Sierra Leone has huge potential for eco-tourism projects and investment is booming – now is the time to visit this fascinating and beautiful country – before the crowds get there
Border information: If you are starting at Freetown, you will enter Sierra Leone at Lungi Airport.
The fastest and most reliable way to Freetown from the airport is by water-taxi, as Lungi is across a bay from the city. The departure times for the water-taxis are linked to each flight in and out of the airport, so there will be transport available for you when you land. Exit the airport and walk to the right, and you'll see the water-taxi office at the end - you'll have to buy your ticket there for USD40 or EUR35, and check in your large bags. You'll take a minibus for 15 minutes, then the water-taxi for 30 minutes. The boat lands at the jetty, where you hand in your luggage ticket to get your large bags back.
The jetty is in the Aberdeen district of Freetown, only a 200m walk from our hotel. Just walk up the hill to the main road - the Raza Guesthouse is slightly further down and on the other side of the road.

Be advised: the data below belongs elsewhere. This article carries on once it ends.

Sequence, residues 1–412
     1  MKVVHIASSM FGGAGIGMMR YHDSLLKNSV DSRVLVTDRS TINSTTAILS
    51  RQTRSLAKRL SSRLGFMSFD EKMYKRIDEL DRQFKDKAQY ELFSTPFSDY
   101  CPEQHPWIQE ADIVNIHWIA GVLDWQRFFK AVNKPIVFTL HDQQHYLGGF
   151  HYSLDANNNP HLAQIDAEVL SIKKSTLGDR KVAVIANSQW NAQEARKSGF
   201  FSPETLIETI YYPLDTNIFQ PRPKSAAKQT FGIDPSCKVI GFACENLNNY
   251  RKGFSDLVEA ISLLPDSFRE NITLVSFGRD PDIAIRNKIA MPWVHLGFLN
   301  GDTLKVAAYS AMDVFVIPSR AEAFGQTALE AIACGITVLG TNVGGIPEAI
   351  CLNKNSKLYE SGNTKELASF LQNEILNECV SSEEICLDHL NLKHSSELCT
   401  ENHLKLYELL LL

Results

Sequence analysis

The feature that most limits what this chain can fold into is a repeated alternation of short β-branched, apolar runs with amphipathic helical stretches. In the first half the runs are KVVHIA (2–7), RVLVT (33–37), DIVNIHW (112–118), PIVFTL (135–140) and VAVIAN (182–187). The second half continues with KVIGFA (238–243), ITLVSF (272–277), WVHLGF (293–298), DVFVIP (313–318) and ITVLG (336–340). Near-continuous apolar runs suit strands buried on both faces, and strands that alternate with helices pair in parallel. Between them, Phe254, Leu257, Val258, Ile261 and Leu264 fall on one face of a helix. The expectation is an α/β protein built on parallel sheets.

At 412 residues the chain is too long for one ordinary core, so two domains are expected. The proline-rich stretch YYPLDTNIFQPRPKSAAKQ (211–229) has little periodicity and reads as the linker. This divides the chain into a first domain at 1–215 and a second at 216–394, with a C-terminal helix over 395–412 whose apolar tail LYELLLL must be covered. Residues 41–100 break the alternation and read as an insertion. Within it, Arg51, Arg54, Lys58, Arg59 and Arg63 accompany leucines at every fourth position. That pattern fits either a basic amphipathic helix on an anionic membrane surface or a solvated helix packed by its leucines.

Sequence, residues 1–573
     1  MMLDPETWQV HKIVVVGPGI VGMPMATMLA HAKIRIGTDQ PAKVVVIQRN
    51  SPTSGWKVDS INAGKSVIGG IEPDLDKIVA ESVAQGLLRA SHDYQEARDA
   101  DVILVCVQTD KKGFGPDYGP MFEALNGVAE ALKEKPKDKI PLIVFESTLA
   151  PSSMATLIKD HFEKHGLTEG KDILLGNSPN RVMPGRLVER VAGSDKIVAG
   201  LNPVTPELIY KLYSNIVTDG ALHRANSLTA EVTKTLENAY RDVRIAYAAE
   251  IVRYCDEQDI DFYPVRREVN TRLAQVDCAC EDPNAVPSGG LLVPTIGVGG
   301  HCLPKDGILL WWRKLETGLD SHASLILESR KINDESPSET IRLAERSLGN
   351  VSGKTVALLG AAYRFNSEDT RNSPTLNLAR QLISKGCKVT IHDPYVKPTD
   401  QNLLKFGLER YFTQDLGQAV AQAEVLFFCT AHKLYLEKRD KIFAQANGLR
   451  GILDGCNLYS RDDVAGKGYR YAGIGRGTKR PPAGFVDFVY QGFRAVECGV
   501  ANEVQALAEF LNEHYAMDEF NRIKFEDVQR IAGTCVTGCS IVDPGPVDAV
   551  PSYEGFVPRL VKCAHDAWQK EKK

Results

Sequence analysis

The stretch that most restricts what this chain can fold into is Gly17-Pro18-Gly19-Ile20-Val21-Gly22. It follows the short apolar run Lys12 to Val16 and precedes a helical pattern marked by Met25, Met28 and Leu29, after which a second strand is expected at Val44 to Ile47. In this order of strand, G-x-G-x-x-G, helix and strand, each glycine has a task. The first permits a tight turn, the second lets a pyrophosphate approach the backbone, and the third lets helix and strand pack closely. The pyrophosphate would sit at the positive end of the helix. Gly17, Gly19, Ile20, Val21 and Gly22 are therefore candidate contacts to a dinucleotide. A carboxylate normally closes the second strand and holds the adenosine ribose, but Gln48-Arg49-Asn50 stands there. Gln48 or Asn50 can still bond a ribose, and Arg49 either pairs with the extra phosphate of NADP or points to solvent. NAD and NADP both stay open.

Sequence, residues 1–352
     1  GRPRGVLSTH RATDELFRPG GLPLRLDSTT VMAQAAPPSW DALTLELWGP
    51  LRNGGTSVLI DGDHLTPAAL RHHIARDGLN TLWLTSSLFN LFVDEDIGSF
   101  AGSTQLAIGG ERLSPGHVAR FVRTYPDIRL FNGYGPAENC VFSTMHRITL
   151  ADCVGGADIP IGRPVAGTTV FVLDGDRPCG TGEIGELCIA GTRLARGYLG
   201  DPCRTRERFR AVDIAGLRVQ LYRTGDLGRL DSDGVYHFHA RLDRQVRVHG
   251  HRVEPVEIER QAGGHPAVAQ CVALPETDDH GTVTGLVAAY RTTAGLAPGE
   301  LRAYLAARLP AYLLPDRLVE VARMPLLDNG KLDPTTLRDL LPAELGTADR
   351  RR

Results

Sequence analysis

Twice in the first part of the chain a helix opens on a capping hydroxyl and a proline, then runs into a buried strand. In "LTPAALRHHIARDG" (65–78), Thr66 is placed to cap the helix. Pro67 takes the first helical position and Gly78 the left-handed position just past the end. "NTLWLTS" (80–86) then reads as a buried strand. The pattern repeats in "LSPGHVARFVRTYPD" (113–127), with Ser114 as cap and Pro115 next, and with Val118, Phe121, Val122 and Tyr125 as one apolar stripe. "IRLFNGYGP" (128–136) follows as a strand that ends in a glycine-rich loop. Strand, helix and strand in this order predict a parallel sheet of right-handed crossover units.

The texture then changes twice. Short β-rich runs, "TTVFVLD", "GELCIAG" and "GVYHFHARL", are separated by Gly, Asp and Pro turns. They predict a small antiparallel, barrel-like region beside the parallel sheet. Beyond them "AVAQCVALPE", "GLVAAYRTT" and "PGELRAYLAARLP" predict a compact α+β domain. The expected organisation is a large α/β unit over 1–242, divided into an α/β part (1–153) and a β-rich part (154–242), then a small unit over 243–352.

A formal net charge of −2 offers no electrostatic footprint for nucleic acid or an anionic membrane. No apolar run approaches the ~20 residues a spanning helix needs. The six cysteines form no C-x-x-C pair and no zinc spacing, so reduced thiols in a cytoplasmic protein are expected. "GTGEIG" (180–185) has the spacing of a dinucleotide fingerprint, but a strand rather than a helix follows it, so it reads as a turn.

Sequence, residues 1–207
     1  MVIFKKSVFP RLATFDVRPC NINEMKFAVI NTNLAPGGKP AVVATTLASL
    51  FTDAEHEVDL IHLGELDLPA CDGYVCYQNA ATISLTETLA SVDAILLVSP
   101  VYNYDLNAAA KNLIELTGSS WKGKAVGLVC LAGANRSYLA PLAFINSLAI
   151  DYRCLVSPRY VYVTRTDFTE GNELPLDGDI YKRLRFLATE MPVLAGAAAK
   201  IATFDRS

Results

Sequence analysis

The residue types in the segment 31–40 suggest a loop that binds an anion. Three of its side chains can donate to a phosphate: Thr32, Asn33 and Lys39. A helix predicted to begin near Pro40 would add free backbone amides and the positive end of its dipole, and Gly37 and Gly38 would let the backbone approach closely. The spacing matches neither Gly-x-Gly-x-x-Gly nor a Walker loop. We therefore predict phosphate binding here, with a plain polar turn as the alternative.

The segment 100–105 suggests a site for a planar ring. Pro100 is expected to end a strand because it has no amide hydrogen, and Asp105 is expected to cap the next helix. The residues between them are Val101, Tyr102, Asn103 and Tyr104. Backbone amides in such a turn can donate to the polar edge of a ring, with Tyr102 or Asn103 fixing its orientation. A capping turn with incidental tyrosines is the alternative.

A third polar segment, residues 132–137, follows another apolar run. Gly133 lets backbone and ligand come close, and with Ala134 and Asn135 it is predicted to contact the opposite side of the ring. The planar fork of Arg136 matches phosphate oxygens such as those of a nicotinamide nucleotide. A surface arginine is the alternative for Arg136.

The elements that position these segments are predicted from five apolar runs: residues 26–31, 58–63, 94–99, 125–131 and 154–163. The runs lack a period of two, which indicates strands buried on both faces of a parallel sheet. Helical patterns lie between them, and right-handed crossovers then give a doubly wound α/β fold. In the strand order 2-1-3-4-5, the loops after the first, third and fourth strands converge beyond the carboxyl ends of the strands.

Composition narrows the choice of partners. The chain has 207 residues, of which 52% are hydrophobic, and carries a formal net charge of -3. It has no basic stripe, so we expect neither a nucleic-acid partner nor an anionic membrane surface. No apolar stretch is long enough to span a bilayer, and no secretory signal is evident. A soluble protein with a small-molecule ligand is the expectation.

Today is an arrival day with a pre departure meeting at 10:00hrs. There are no activities planned so you can arrive at any time. Your leader will leave a note in reception telling you where this important meeting will take place. Your leader will collect your kitty and check your passport and insurance details at this meeting.
The afternoon will be free to explore Freetown and it's surroundings.
Tonight we stay in a comfortable hotel with good facilities
62 Sir Samuel Lewis Road
2 nights in Freetown, the Capital City of Sierra Leone